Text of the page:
Diane and Jerry Wolfe, a couple from Lansdowne, shopped for gear in one of the shops. Diane Wolfe had her eye on a canvas Orioles tote. Her own bag was already bulging with a new sweatshirt, ponytail holders made of orange ribbon and a foam finger to wave during the game.

The husband and wife both called off work for the game and were treating it like the tiniest of vacations — free, fun and spendy.

"We're taking it all in," Diane Wolfe said. "It's just a really good time."

Back at Vitrano's seat, while fans were going wild for one play or another, he was sitting placidly, hands folded on his lap. As he takes in the game, he's anything but animated. He's a scientist, really, watching and studying, thinking and analyzing.

When Manny Machado stepped up to bat, Vitrano was in the moment but also remembering other great young players: Jim Palmer, Brooks Robinson, Cal Ripken Jr.

"There's so much to see," he said, "and so much to look back on."

Vitrano grew up in Little Italy, worshipping Joe DiMaggio and playing the game with balls he and his pals would fish out of the Jones Falls after a good rain. No slouch on the diamond, the lanky boy played shortstop and center field for Baltimore's youth leagues, and when he enrolled at the Johns Hopkins University, he played varsity ball, too.

As a young man, Vitrano and a couple of buddies tried out for a Brooklyn Dodgers farm team on a lark one year — and made it. But the $100 a month the club offered seemed skimpy to Vitrano, who at the time was making $30 a week working for his family's produce business.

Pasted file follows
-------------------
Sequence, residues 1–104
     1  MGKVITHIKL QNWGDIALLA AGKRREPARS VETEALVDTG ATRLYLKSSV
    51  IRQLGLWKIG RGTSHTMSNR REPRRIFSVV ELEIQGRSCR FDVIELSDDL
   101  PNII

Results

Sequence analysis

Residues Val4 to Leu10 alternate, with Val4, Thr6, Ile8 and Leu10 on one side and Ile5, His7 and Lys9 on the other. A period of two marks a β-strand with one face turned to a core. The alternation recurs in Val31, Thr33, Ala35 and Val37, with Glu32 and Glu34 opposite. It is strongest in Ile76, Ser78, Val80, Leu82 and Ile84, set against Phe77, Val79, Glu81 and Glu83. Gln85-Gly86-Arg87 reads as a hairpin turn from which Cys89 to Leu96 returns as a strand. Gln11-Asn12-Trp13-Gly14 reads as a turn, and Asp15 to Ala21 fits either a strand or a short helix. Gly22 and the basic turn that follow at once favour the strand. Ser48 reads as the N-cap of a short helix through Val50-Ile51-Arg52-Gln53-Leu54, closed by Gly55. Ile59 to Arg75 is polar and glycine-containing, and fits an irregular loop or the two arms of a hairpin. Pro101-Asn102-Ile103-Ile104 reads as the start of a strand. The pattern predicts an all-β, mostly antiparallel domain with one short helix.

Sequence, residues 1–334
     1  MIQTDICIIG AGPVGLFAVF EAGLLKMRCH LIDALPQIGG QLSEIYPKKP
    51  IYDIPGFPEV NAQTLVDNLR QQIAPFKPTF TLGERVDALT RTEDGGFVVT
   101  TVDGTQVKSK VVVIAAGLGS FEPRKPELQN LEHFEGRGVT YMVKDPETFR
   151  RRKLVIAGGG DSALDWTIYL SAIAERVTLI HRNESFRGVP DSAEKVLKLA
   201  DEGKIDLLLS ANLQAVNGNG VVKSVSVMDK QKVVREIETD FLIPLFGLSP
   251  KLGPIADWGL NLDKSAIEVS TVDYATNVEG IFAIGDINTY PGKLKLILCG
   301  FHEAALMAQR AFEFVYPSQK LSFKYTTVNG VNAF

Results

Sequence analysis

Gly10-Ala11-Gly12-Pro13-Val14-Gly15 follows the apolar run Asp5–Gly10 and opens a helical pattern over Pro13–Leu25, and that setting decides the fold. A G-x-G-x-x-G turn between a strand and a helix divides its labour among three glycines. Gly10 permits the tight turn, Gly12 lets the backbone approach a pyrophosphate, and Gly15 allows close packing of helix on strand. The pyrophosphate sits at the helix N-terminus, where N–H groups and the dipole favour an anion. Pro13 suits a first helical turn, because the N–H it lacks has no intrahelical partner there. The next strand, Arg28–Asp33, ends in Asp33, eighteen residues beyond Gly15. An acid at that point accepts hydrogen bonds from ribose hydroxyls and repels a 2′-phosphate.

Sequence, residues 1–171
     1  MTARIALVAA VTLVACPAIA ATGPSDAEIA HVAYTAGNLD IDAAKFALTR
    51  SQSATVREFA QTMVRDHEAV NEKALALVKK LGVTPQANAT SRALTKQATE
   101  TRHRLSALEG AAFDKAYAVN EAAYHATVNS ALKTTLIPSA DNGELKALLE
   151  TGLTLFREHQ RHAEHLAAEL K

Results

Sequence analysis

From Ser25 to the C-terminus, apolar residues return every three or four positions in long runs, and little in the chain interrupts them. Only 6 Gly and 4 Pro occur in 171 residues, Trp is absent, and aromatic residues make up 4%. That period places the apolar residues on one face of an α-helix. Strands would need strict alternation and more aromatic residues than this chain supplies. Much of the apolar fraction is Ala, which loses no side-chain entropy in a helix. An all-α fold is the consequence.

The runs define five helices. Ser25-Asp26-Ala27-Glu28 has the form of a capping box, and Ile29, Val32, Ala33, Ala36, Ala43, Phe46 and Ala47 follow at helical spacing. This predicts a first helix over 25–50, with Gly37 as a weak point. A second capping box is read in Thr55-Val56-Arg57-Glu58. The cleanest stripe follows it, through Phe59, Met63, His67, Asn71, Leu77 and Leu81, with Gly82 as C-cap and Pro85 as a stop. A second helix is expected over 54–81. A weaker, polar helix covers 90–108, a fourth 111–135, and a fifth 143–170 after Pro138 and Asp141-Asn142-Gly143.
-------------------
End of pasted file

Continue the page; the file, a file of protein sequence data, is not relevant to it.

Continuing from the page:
When he married his wife, Franny, in February 1954, their honeymoon just happened to be in Florida, where they could catch spring training.

"That," she says with a smile, "is when I got a clue."

She'd married a baseball lover. And how.

At home, Vitrano, father of seven and grandfather of nine, has a jar of dirt from Memorial Stadium. He's got the brass number that used to be on his old seat there — 16 — framed and displayed on a shelf.

He loves the game for what it was and for what it is. He misses the nickel hot dogs and the pre-JumboTron days, when he'd bring a transistor radio to games to complement what he saw with the play-by-play. But he also relishes some modern advances — the speed guns that measure a pitch and elaborate preseason scouting reports.

He hopes to stick around to see what's to come.

"It's a great game and it's always different," he said. "The players are different. The umpires are different. Everything about it. You can't predict what's going to happen, and you never know who's going to win until it's over."


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